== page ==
Garrett covers his nose with his shirt at one point, probably because the water flowing into the cell has been sitting in the pipes for years, perhaps decades, and doesn’t smell good, according to the video and DiSalvo.

For the next 20 minutes or so, water continues to gush into the cell, while Garrett intermittently uses the vent cover to try and pry unknown objects off the cell ceiling and cut holes in the mattress, and officers on the other side bark orders at him. Officers also called in other deputies to help with the situation during that time, the report states.

Finally, Deputy Marcin Debski can be seen standing outside the cell door, clearly telling Garrett, who doesn’t have the vent cover in hand at the time, to get away from the door and lay down on the bed. Garrett ignores those orders and Debski turns and tells a jail deputy behind him to open the cell door, according to the video.

Garrett is standing in front of the door as it opens and hesitates for a split second when he sees Debski. Then he raises both hands to Debski’s neck and tries to choke him, according to the video and the police report. Immediately, Debski and Deputy Ryan Turner bum rush Garrett and force him into the bathroom, out of sight of the cell camera.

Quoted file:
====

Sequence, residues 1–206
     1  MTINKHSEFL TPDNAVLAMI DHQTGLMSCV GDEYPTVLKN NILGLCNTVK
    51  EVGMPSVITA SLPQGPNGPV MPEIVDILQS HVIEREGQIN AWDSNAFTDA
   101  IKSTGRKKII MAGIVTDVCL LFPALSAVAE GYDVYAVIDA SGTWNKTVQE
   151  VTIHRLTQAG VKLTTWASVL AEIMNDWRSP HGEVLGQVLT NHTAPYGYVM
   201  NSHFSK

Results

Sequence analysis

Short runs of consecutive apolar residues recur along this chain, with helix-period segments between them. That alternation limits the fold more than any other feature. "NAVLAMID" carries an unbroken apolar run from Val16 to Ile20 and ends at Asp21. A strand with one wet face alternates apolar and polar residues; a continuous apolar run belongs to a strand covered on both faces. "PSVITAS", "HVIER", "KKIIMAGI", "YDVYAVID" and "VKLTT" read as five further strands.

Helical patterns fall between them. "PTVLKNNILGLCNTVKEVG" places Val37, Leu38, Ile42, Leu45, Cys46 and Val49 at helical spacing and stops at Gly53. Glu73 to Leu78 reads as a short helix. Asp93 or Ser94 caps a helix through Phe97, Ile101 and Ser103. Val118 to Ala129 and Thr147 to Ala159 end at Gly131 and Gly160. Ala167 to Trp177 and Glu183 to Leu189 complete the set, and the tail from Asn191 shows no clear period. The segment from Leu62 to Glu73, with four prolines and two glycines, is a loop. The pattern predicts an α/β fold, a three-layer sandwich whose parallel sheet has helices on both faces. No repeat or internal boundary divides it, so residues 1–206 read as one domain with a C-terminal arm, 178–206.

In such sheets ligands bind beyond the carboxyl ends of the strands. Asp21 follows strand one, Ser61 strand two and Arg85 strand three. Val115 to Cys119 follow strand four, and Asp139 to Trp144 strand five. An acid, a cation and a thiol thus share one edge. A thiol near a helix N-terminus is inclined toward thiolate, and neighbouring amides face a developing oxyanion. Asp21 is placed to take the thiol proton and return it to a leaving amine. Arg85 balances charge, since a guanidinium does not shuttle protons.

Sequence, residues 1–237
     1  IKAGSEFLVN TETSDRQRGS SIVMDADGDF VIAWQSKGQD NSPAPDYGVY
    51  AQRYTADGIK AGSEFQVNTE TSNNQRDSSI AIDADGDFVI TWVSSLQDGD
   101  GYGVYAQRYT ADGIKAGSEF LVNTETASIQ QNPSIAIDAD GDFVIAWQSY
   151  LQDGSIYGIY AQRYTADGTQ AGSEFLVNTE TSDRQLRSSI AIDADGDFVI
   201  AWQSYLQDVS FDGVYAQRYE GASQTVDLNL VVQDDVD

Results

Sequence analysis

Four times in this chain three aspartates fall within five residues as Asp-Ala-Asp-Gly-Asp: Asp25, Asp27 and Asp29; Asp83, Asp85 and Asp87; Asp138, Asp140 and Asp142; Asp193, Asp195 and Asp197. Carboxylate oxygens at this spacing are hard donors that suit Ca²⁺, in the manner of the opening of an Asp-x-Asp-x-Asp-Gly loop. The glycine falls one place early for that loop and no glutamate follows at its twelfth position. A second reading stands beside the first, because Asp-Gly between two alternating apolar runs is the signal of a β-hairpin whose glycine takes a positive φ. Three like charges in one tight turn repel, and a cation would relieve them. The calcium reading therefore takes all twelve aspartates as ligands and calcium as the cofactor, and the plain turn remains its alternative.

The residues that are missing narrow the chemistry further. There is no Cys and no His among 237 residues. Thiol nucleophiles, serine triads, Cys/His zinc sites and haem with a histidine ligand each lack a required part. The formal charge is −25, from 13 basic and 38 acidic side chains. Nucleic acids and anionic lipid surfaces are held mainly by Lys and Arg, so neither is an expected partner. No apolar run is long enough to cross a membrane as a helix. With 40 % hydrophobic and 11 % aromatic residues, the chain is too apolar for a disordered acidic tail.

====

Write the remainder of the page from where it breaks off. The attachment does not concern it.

The deputies were able to take him to the ground, then drag him out of the bathroom with the help of Chi and another two deputies, and into the cell area again. They all pile on top of him trying to get him under control.

Everyone is completely drenched by that point because the water from the sprinkler continues to spray into the cell, according to the video. The water, which is now flowing clear instead of brown, turns red with Garrett’s blood at one point while the officers attempt to control him. Eventually they drag him out of the cell, where he continues to kick and fight them, before they are able to strap him into a chair with a hood over his head, according to the video.

“I think they did the right thing under the circumstances,” DiSalvo said.

Garrett was later taken to Aspen Valley Hospital with facial injuries and broken ribs.